Five PC companies have taken the first steps in an industry-wide initiative to make hardware and software more secure to give customers confidence in using machines for e-business.
Compaq, Hewlett Packard, IBM, Intel and Microsoft announced the formation of the Trusted Computing Platform Alliance, which will develop a standards-based hardware and software specification that will let PC makers offer a more trusted and secure personal computer platform.
In addition, the alliance will invite other PC companies to join in the effort. On 19 November a founding conference will be hosted by Compaq in Houston, Texas.
The alliance believes the PC is an integral link in the ecommerce chain and it wants to make it more stable and trusted. By trusted, the alliance means the ability for a user of a computer system to feel confident that they know who and what they are talking to, that the communication is confidential, and that the information is transmitted accurately.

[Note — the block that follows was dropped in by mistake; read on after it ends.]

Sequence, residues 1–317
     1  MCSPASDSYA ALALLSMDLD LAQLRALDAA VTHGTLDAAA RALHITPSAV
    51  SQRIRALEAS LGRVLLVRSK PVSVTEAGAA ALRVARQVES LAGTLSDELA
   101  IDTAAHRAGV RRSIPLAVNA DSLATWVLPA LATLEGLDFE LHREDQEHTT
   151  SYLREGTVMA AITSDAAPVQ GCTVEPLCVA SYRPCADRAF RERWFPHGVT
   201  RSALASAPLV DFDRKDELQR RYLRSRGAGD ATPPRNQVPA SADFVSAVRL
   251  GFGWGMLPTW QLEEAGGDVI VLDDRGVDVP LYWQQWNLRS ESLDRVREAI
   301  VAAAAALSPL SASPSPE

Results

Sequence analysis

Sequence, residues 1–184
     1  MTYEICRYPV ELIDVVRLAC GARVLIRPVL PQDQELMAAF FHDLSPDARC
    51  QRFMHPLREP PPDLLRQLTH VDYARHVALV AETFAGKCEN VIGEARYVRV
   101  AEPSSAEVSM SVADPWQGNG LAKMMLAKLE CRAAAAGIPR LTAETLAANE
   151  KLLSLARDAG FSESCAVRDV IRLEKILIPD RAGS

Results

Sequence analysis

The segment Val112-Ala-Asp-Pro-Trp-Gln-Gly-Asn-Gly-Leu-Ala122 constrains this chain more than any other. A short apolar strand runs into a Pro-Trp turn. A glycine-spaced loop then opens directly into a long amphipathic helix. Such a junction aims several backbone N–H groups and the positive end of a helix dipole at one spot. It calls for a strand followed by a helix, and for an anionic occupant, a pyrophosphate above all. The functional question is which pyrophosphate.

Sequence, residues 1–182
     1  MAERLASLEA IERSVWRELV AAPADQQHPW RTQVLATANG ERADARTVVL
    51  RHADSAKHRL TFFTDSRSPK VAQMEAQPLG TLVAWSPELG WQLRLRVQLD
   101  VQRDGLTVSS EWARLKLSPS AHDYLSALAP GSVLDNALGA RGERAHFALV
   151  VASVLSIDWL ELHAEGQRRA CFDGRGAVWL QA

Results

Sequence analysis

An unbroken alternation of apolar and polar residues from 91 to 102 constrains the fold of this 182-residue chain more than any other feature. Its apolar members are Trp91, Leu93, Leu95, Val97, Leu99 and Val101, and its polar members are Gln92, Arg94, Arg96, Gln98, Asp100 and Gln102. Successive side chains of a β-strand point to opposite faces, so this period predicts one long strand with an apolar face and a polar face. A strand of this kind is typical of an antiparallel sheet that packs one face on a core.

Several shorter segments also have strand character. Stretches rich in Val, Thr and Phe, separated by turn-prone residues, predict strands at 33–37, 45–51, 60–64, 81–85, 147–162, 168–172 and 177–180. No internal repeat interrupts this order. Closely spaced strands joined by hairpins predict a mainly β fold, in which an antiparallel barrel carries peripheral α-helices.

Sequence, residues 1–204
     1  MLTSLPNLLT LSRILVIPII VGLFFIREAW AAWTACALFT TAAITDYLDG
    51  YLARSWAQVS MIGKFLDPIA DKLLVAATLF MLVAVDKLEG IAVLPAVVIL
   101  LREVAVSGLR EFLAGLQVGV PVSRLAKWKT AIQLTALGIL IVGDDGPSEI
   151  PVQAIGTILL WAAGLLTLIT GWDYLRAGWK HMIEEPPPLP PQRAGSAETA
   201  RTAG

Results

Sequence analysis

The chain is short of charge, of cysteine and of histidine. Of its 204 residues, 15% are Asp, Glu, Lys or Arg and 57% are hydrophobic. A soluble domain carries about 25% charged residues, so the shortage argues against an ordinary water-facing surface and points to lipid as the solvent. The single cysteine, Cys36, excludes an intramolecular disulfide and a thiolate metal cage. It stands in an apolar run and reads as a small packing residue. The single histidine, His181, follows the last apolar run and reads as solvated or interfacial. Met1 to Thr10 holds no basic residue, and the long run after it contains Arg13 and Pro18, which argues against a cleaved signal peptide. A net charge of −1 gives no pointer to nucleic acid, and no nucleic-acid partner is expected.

"Unsecured PCs inhibit e-business. We are reaching the limits of our ability to ensure trust in software alone," said Ed Yang, chief technical officer of HP's computer products organisation.
Although formal work on the specification has not yet begun, the alliance hopes that by the second half of next year, it will have developed a new hardware, BIOS and operating system specification.
The specification will define security operations including protected storage of confidential information, generation of random numbers used to create public and private encryption keys, and electronic signalling of data used to authenticate the identity of the sender.
The completed specification will be licensed to companies through a verification and implementation process. The alliance will choose an existing industry organisation to own and license the specification.
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